don’t tell me I can’t be who I am

Hudson Taylor, my favorite band, have a new song out that I really like. Alfie (the younger brother and lead singer) describes it as “a little song about gay rights. ” It’s called “Don’t Tell Me,” and the chorus goes like this:

Stand up to the people who hate
Stand up if you’re feeling afraid
Stand up if you’re feeling alone…
Don’t tell me I can’t be who I am…
Don’t tell me

It’s an incredibly catchy song. I love the fact that they’ve made a stand for gay rights. And though I know that it’s a very trivial matter in comparison, I’ve decided it’s okay to be who I am: a middle-aged Hudson Taylor fan. Q and his friends think I’m ridiculously obsessed, and I am. They think it’s creepy that a mom should be totally into a couple of Irish lads… but it’s not. My feelings about Hudson Taylor are age-appropriate, in my opinion. I don’t want to date them or marry them, for heaven’s sake! I just want to enjoy their music and their journey from teenage buskers to up-and-coming folk-pop band to international superstars. (Which they will be. Mark my words.)

And why shouldn’t I?  I certainly have a history of being an obsessive music fan, so it’s nothing new. As a teenager, I had a huge wall covered with photos of John Taylor from Duran Duran that I’d cut from magazines. In college, I spent all my spare time record shopping, listening to music, or going to gigs. I went to see Miles and Malc from the Wonder Stuff when I was hugely pregnant and on bed rest, and then schlepped the baby up to Seattle a few months later to see them again. I took Quinland to his first concert at age 4, where he got to meet Dave Wakeling of the English Beat and became convinced that you get to meet the band at every show. But suddenly, because he is now a teenager, I am supposed to behave with some kind of regular-mom decorum. Why is that? Why should there be an age limit on fandom?

I don’t think there should be, but I’ve been feeling that there is one, nonetheless. You may have noticed that after I raved about how I was going to see Hudson Taylor back in February, I never posted anything about the show. I actually wrote a whole post about that night, but I never put it up. I just succumbed to the pressure to not be that crazy fanwoman, and since then I’ve resorted to just the occasional HT mention in passing. (After all, I want to keep their name out there!) But it makes me sad to feel that I can’t indulge in my life-long hobby in the same way anymore.

If I were sixteen right now, living in these days of internet-fueled information madness, I know that I’d be completely over-the-top. I’d have an incredibly awesome Hudson Taylor blog on Tumblr. I’d make gifs of Harry’s silly antics and I’d put up adorable photos of Alfie and Gabby. I’d scour the internet for interviews and videos and news about where they are going and what they have done and when, when, WHEN the album is ever going to come out.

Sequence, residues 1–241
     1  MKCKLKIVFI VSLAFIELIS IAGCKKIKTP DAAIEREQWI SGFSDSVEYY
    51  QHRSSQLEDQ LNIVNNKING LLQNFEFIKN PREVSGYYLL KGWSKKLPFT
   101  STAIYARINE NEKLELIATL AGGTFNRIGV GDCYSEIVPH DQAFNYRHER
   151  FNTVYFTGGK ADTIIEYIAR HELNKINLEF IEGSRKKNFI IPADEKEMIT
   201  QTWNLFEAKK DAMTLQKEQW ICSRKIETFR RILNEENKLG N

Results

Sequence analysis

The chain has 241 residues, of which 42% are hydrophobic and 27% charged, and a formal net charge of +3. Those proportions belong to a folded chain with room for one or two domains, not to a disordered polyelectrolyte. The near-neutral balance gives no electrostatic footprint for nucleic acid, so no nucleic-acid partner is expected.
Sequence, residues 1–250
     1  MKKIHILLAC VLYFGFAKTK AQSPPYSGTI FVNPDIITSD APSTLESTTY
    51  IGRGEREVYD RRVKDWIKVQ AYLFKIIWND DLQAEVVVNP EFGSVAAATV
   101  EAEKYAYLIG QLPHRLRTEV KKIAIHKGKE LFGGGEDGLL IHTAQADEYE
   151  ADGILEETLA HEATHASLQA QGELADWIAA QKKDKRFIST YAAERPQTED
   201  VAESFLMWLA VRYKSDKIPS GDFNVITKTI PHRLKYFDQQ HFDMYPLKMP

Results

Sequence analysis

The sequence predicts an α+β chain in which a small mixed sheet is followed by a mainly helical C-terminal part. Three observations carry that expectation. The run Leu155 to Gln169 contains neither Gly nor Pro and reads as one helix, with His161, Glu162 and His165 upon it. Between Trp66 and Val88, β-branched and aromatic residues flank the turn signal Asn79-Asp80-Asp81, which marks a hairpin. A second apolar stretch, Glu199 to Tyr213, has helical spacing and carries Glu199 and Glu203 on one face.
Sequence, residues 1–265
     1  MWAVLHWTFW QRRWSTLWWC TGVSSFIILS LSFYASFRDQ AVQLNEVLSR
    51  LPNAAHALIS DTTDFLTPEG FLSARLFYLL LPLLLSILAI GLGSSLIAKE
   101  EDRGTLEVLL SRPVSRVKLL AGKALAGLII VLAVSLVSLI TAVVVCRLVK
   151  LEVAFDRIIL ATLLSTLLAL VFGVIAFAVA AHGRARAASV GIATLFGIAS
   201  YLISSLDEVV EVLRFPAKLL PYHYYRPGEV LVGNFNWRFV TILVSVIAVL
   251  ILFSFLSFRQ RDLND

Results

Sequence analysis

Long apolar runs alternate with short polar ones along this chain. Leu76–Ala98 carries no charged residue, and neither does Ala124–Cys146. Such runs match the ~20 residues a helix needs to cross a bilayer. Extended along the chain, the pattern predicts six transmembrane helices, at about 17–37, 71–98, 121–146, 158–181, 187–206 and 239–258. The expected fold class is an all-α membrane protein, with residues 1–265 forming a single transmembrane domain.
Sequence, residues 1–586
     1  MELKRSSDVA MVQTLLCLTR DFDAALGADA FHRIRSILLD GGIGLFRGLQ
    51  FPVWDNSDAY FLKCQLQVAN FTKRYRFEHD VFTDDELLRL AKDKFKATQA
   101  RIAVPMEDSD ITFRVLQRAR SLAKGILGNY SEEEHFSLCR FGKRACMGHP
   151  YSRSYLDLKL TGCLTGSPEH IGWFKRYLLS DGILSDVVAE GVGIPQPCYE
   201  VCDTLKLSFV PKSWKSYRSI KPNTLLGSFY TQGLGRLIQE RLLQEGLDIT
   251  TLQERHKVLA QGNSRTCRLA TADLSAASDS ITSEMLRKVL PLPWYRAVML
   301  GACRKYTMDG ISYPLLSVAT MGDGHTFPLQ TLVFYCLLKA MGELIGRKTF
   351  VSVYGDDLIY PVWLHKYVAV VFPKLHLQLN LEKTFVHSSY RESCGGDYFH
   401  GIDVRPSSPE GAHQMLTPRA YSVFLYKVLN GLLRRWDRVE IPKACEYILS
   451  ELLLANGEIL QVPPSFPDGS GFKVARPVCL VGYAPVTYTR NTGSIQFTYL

But I don’t. (Okay, I do a bit of that last one, I admit.)

I only participate in the fandom in the most minor of ways. I follow Hudson Taylor on Facebook and Twitter. I watch their livestreams and videos. I check their website for news. I buy their records CDs as soon as they go on sale. I occasionally reply to a Facebook post or comment on a video or favorite a tweet, but whenever I do, I feel that I ought to take it all back, to delete it immediately, lest someone discover that someone old enough to be Harry and Alfie’s auntie or their neighbor down the road is watching. As though that, in some way, would be a bad thing.

The truth is, I feel as proud of them as if they were kids from my neighborhood. These young brothers have spent the last six years – since they were 14 and 16 – working their way up, and they have documented it in such a way that someone obsessed with the music industry, such as myself, can start to get a picture of what that journey is like. Through their videos and livestreams and interviews, you also get a picture of what they are like, themselves: charming, polite, incredibly close, silly, a wee bit forgetful… and – most of all – talented singer-songwriters who churn out song after song after song that I love.

I enjoy Hudson Taylor tremendously and want to support them. At my age, I can do that. I have money to spend on their merchandise, so I buy copies of their CDs for myself and extra copies to share around. I want people to know who they are over here, so I talk them up whenever I can. If I lived anywhere that they were touring, I’d probably go to multiple shows, knowing that they switch up their playlist and I might hear new songs every night.

So please, lads, come to the Pacific Northwest so I can spend lots of money to see you live, over and over again. When you do, look for me! You might remember meeting me at the Hotel Cafe back in February of 2014. If not, just look for the short, middle-aged woman wearing glasses and an ear-to-ear smile. I’ll be delighted to see you.

As for the rest of you… here you go: